This post is part of a paper I'm sharing as a result of disturbing, racially-coded rhetoric used by Republican presidential hopefuls.
Although many politicians uphold family values as a cure to social problems and see the decline of family as a moral failure, such discourse privileges the European-American hegemonic definition of family. I've previously defined hegemony, which is a dominant group enforcing its norms against others.
The traditional ideal of family, which many politicians want to impose, is a sole heterosexual married couple and their biological children. Ideally, the husband is the main wage-earner, who earns enough to allow his wife to at least dedicate more time to childrearing, even if she also works.
Welfare policy and its surrounding rhetoric rely on the above definition of family. Traditional "family values" discourse is racialized, even without explicitly using racist language.
The white hegemonic notion of family has been simultaneously held from, used, and imposed onto black families both throughout history and today. This type of family is held out as a cure-all for social problems, and many African-Americans’ failure to conform is viewed by white religious and political conservatives as a moral shortcoming.
Slavery and the historical development of welfare have served up racially-charged, damaging rhetoric. Slavery began the systematic degradation of black families and the distortion of many whites' perceptions of blacks.
The disruptions and distortions began as soon as European-Americans brought African slaves to U.S. soil. Early historians already blamed failure to form families on slaves' alleged character deficiencies.1
(Note there is no singular definition of the antebellum slave family. Whites’ systematic denigration of slave families should not detract from complex family structures in Senegal, Ghana, Nigeria, and other West African countries, commonly exploited by slave traders. West African family models were communal and child-centered, and many did not look like "traditional" white U.S. families.)
Slaves were thrown into a system with no concern for family relationships, a system rife with double standards. Family formation was allowed when convenient for slaveowners, but prohibited when considered a threat.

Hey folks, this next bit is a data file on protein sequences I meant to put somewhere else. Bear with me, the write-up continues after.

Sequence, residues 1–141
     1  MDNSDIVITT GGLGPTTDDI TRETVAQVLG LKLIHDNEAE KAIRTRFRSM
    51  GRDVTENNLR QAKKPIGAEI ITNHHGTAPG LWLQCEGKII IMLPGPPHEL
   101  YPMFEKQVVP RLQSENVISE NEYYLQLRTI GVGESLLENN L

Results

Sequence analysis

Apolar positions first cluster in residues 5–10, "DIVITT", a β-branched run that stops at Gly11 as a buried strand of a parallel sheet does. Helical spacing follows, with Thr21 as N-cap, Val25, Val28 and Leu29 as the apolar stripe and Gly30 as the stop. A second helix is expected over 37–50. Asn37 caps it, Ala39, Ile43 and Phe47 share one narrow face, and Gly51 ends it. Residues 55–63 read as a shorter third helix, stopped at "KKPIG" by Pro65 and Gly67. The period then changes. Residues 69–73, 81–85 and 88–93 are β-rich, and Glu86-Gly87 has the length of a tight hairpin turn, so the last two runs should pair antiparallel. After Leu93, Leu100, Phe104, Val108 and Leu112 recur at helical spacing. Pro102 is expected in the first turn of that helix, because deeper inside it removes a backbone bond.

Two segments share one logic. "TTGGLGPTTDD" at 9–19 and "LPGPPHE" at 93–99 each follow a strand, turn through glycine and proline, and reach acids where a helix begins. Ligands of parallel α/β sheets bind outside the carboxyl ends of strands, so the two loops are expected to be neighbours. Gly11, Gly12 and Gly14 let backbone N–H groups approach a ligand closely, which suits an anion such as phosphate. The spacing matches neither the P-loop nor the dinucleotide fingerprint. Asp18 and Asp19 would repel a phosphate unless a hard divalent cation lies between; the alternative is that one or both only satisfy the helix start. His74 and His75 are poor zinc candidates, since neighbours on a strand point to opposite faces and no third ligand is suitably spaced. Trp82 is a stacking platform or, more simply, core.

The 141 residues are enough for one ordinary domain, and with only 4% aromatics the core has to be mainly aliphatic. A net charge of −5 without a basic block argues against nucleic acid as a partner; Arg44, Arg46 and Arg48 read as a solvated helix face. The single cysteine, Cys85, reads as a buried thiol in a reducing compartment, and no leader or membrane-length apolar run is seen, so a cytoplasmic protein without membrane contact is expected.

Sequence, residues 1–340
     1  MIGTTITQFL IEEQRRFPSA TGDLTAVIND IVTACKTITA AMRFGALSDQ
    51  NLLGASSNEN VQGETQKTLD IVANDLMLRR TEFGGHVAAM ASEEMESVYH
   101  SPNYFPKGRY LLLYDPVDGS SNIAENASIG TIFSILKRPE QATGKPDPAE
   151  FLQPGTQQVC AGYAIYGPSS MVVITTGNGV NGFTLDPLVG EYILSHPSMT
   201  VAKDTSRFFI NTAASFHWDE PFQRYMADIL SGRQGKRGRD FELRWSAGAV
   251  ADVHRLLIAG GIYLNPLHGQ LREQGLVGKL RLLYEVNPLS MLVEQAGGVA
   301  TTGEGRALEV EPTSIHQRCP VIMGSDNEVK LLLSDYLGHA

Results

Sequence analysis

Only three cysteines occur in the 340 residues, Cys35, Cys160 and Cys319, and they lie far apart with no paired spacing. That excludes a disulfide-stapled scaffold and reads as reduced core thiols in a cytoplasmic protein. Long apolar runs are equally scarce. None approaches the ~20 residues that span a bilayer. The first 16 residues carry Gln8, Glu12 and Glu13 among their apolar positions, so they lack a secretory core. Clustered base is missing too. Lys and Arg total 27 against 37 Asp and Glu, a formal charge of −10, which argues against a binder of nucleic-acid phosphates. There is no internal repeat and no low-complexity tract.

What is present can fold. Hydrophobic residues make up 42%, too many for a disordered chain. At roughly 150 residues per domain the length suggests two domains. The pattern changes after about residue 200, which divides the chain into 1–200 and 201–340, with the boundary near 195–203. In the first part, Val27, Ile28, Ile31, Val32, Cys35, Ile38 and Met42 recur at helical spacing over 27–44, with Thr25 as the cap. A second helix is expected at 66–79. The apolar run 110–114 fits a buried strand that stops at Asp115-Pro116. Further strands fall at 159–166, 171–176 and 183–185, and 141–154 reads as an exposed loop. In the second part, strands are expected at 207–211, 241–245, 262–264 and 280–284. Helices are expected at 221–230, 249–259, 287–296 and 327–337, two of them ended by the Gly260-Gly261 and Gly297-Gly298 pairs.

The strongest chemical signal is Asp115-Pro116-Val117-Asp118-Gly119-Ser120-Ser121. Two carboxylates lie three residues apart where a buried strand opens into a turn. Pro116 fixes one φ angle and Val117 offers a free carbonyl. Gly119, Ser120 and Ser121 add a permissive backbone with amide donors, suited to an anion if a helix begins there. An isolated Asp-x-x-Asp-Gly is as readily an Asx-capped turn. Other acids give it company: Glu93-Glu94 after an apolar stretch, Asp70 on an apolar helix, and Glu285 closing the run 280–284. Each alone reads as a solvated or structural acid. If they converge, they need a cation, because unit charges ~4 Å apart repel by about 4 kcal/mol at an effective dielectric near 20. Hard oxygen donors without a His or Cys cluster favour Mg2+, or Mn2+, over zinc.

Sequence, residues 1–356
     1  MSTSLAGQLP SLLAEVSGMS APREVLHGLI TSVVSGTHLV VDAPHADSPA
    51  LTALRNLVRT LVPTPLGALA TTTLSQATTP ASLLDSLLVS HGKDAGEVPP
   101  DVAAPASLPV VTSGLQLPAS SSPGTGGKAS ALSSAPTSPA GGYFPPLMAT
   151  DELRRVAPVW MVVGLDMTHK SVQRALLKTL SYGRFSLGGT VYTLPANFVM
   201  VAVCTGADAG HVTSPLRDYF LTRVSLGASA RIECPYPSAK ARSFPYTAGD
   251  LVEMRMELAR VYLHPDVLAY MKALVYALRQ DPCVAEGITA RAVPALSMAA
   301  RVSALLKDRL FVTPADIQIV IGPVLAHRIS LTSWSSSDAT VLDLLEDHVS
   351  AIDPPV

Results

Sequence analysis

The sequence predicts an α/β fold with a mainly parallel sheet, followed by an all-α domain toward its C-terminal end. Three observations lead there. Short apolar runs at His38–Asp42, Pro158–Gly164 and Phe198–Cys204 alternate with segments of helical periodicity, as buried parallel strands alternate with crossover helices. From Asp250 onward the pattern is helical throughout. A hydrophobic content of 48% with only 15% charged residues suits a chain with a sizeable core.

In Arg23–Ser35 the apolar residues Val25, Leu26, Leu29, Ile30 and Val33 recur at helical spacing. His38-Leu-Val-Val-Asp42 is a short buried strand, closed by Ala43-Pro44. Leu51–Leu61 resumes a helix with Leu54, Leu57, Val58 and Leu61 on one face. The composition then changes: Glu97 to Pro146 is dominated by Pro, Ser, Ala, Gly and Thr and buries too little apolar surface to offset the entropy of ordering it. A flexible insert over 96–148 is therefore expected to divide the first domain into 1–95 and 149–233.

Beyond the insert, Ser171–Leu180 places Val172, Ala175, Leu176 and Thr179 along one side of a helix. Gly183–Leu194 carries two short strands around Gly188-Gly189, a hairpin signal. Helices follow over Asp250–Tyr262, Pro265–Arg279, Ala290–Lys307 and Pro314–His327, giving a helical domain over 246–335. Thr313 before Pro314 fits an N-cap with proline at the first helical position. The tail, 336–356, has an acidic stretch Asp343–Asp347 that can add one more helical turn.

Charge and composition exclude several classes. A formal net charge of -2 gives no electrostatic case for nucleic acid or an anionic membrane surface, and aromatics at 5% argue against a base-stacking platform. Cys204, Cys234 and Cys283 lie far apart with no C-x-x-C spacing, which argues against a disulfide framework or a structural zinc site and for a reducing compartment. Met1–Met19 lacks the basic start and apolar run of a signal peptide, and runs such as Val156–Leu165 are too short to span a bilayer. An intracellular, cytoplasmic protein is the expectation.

The biological tie of a slave mother and slave father to their child was critical in conferring slave status, yet when white male slaveowners had children with slaves, this familial tie was downplayed. No matter who fathered the child, she would be a slave if born to a slave mother. To preserve white supremacy, slaveowners reinforced the socially-constructed racial caste system by emphasizing a clear demarcation between black and white.
In the antebellum South, some slaveowners encouraged marriage to ensure loyalty, while also portraying themselves as moral, benevolent masters. But, a marriage could be dissolved at the master’s whim, or by a sale of one or both spouses. In fact, a slaveowner’s desire to have his women slaves provide slave offspring would result in forcing women to live with various men at different times. Monogamy—much less marriage—was not many slaveowners’ concern.
Another systematic denigration is that black women were left out of the definition of a “good mother.” Slave mothers were continually forced to perform backbreaking labor, so the era's dominant mindset, which emphasized women as nurturing, stay-at-home mothers, rendered slave mothers aberrant.2
Slaveowners maintained racially-based slavery, but at a cost: relatives were ripped apart, and slaves were often prohibited from establishing families. “Family” was an empty concept, allowed and simultaneously prohibited in paradoxical ways when convenient for whites.
What do the rhetoric and hypocrisy surrounding slave marriage and family have to do with white evangelicals today? This history informs the current "family values" rhetoric. In my next post, I'll share the political rhetoric that reared its ugly head once welfare recipients moved largely from "deserving" white widows, veterans, and Depression-era families with temporary setbacks, to predominantly single mothers of color.
A discussion of this rhetoric can't be done unless we acknowledge the hypocrisy (of many "devout Christian" slaveowners) and systematic degradation of black families as a result of slavery.
1 Damian Alan Pargas, Boundaries and Opportunities: Comparing Slave Family Formation in the Antebellum South, 33 Journal of Family History 316-345, 316 (2008).
2 Adrien Katherine Wing, Laura Weselmann, Transcending Traditional Notions of Mothering: The Need for Critical Race Feminist Praxis, 3 J. Gender Race & Just. 257, 273 (1999).